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Columbia Missourian

Mayoral candidates address neighborhood association's concerns

By Kathleen Pointer
February 22, 2010 | 10:19 p.m. CST

COLUMBIA — Mayoral candidates and campaign representatives took a neighborhood focus on larger city issues of crime, city programs and schools at an informational session held by the Parkade Neighborhood Association Monday night.

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"This is part of a year-long process to get our organization up and moving," Parkade Neighborhood Association President Don Spradling said. Spradling said the association has grown dramatically in the past year.

"We thought it would be a good opportunity for the mayoral candidates to speak with association members," he said.

Mayoral candidates Sid Sullivan, Paul Love and Sean O’Day spoke to members of the association at a meeting Monday night.

Fourth Ward councilman Jerry Wade was unable to attend the event because he was at a Columbia City Council work session. He sent Homer Page to represent him. Page is the chairman of the Columbia Disabilities Commission.

Bob McDavid was unable to attend the event because he was at a Barnes Jewish Christian board of directors meeting in St. Louis. His wife, Suzanne McDavid, read a prepared statement. Candidate Sal Nuccio was also not in attendance.

The candidates and representatives had five minutes to present information on their platforms and then were asked three questions prepared by Spradling. Suzanne McDavid declined to participate in the Q&A portion.

Q: In the last five years, Columbia’s residential areas have had increases in crime. What are the contributing factors and what should be done to solve this problem?

A: All candidates said they would utilize community policing.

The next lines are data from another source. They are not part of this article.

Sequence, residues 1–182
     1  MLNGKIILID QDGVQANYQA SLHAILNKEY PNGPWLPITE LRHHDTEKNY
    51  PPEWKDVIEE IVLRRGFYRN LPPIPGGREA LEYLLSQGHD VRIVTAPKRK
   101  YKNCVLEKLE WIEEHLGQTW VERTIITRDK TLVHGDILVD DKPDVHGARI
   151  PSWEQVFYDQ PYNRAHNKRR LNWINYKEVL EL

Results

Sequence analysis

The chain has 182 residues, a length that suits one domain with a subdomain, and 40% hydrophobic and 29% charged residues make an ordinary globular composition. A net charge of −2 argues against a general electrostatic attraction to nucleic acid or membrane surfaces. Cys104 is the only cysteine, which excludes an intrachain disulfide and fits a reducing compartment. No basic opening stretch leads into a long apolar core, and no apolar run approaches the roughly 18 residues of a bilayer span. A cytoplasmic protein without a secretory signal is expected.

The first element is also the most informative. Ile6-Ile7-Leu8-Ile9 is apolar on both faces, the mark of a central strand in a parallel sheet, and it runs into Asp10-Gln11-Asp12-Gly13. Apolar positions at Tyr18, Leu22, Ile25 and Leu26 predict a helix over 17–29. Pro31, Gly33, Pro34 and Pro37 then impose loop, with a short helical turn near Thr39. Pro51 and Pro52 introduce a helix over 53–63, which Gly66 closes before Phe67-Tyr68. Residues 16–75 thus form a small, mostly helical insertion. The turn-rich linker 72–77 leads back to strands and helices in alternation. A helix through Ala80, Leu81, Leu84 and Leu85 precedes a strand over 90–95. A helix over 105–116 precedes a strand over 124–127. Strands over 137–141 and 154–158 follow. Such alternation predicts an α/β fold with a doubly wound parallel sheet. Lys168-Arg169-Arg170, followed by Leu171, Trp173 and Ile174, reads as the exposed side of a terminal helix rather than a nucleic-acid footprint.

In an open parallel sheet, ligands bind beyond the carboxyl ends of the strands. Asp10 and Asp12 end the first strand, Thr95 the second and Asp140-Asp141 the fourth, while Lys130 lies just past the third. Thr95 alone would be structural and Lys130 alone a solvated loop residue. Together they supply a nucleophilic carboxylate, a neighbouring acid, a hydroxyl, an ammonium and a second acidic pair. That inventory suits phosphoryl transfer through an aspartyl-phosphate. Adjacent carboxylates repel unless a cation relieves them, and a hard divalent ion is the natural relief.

Love: Love also said Columbia’s growth was leading to more organized crime in the city.

O’Day: O’Day also said keeping kids occupied in programs and jobs was an important part of keeping crime in Columbia down.

Sullivan: Sullivan also said it was important to pay attention to the impact growth has had on crime rates in Columbia.

Page, for Wade: Page also said Wade wants to develop a policy to deal with illegal drug use.

Q: What types of community programs and organizations would you like to see implemented?

Love: “There are programs that are popular that are going to be cut.” Love said The community would need to pull together to meet the needs that could come from city programs being cut due to budget constraints.

O’Day: “We need youth programs for entrepreneurship and science.” O’Day also said that he thought it would be appropriate for the city to sponsor programs in these areas because the federal government has similar programs, though he didn't specify further.

Sullivan: “I really don’t see a lot of new programs being implemented.” Sullivan said the city will need to focus on the most valuable programs due to budget constraints, though he didn't specify what those valuable programs are.

Page, for Wade: “The way to keep a neighborhood up and functioning and dynamic is to address the infrastructure.” Page also said Wade wants to implement a mapping program to prioritize infrastructure needs.

Q: Many schools did not meet standards, including Parkade Elementary. Howcan the city help to avoid problems in the future?

Love: “Education is a partnership between the child, the teacher and the parents.” Love also said he disagreed with cutting science and math teachers in public schools.

O’Day: “I want to promote getting more private schools.” O’Day said increasing the number of private schools would help take the burden off of the public schools.

Sullivan: “We need to have a program for needy kids.” Sullivan said he would like the council to make decisions that would actively help meet the needs of underprivileged kids in the community.

Page, for Wade: Page said Wade wants to implement a good technical training program for students.

The Columbia School Board regulates schools. The council would only have influence in areas such as tax abatement and zoning property for new schools.